There comes a time in every politically-minded person’s life when they compare America to the Roman empire. Basing one’s political arguments on comparisons between the United States and the Roman Empire is kind of like wetting your bed. Up to a certain young age it’s understandable, but thereafter it’s a sign that you have a serious problem. For a case study, take a look at this beautiful, classic take-down of a John Stossel piece on Gin & Tacos.
As the reader might have guessed, America/Rome comparisons drive me up the fucking wall. While the John Stossel piece comes from his libertarian point of view, this trope is most often wielded by more traditional conservative forces, as well as some far right extremists as well. The typical fairy tale is that Rome became too tolerant, too decadent, and as a result too corrupt, and therefore it collapsed. Utter bullshit. For one thing, when Rome was tolerant, it was at the height of its existence as an empire. And what was the Roman state religion throughout its decline? Christianity. Are you sure you want to use that trope, Mr. Conservative? People even further to the right insist that Rome fell because it’s culture and blood became too mixed. Again, utter bullshit. Rome at its height was cosmopolitan, tolerant, and accepting of other cultures and religion. As for mixing of blood well, a lot of that foreign blood came from the very same Germanic barbarians that far right extremists constantly fap to. Shouldn’t the influx of precious Germanic blood plus the imposition of one state religion have strengthened the Roman empire? Forget it. The question is rhetorical because this is all bullshit in the first place.
Next time you hear someone say “America’s like Rome,” ask them when the Roman empire fell. If they don’t go full deer-in-headlights right there, they’ll probably come up with 476 AD. Not even close. If you’re an informed reader, you might say 1453. Not bad. But if you want to get technical the answer is 1923. The Roman Empire fell in 1923. That’s not a typo. Ottoman Sultan Beyazit I claimed to be Sultan of Rum(Rome) even before the capture of Constantinople by his descendant Mehmet II, but after the latter finally achieved what Beyazit could not, he claimed the title Kayser(Caesar) and declared himself the successor to the Roman Empire. Prior to the conquest of the Middle East under Selim I “The Grim,” Arabs sometimes referred to the Ottoman Turks as “Romans.” Since Ottoman sultans continued to claim this title after 1453, it is fair to say that the Roman empire truly collapsed with the Ottoman Empire, and that was in 1923. My great-grandfather fought against the true successor of the Roman empire. Yours might have as well.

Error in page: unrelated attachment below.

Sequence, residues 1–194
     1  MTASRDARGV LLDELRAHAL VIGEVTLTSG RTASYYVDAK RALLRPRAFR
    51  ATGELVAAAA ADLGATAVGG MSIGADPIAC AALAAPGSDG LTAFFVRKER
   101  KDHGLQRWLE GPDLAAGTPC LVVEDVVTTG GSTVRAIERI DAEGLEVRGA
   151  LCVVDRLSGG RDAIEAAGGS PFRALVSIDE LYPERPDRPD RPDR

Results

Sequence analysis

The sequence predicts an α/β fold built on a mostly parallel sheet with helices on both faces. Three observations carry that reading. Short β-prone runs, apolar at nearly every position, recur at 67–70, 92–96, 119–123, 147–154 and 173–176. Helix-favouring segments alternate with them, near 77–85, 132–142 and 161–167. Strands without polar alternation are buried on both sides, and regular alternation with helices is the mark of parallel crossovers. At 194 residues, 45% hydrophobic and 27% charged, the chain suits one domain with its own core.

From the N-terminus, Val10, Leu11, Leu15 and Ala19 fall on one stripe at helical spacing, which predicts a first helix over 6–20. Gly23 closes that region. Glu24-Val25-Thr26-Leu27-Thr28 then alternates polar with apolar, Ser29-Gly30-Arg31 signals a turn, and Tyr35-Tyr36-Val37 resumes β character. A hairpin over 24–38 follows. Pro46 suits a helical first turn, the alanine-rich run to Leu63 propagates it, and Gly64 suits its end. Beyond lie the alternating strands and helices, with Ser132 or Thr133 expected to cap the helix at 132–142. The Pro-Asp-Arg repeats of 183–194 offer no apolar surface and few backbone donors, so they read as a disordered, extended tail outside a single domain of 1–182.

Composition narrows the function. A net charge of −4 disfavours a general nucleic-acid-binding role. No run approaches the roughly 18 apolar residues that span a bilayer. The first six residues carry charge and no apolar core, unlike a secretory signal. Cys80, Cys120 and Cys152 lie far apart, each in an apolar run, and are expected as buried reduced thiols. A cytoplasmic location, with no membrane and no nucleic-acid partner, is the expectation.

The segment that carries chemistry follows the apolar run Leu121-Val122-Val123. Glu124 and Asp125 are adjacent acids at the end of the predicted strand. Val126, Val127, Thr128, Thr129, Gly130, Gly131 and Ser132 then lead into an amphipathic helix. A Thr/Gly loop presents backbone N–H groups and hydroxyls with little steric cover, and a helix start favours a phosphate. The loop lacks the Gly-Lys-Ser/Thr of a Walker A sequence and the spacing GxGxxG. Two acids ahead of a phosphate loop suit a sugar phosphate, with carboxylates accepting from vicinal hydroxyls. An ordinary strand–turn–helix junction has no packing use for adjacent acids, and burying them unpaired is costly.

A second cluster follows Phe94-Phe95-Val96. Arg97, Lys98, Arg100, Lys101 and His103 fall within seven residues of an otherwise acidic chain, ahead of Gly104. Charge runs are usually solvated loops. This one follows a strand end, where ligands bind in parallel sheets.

At this point if the person in question can’t get their head around 1453, they probably shouldn’t be talking about the Roman empire. They should probably start with something much more manageable, such as the history of modern Finland.
I think America/Rome comparisons go hand in hand with other tropes such as using The Matrix in philosophical debates and discussions, thinking Fight Club is deep, invoking 1984, comparing every drawn-out conflict to Vietnam, and assorted other lazy shortcuts which help otherwise stupid people sound smart and politically savvy in the company of other stupid people. All the ignorant sheeple suck down Coca-Cola and plop themselves in front of the idiot box to watch reality TV after they get home from the shopping mall with their precious material goods, but I know what’s really going on! We’re Rome, and their Wal-Marts, fast food joints, professional sports, and cheap consumer goods are nothing but the modern equivalent of bread and circuses!
Okay maybe I’m being unfair. Maybe their are a lot of parallels between America today and the late Roman empire, which of course must only refer to the Western Roman empire because West = good. Let me see…
-America has a state religion, the imposition of which ended a long tradition of religious tolerance and acceptance.
-America directly occupies and administers foreign territory all over the globe.
-Faced with dire conflicts all over the world, the US military has had to increasingly rely on foreign mercenaries to fill out its ranks. The US Army is full of men recruited from Iraq and Afghanistan. Now many of these mercenaries have managed to rise to high ranking positions in the military.
-Large migrations of warrior peoples are threatening the borders of the United States.
Yup. Just like Rome! Oh wait, none of those things are actually happening! And that is just a handful of differences we could point to. As Ed from Gin & Tacos points out, you could find all kinds of trivial details with which to compare two states, but this doesn’t make your overall comparison accurate in the slightest. Cows and tables have four legs, but cows are not tables.
So the next time you see someone making a comparison between America and Rome, do yourself, the historical record, and them a huge favor. Punch them in the head.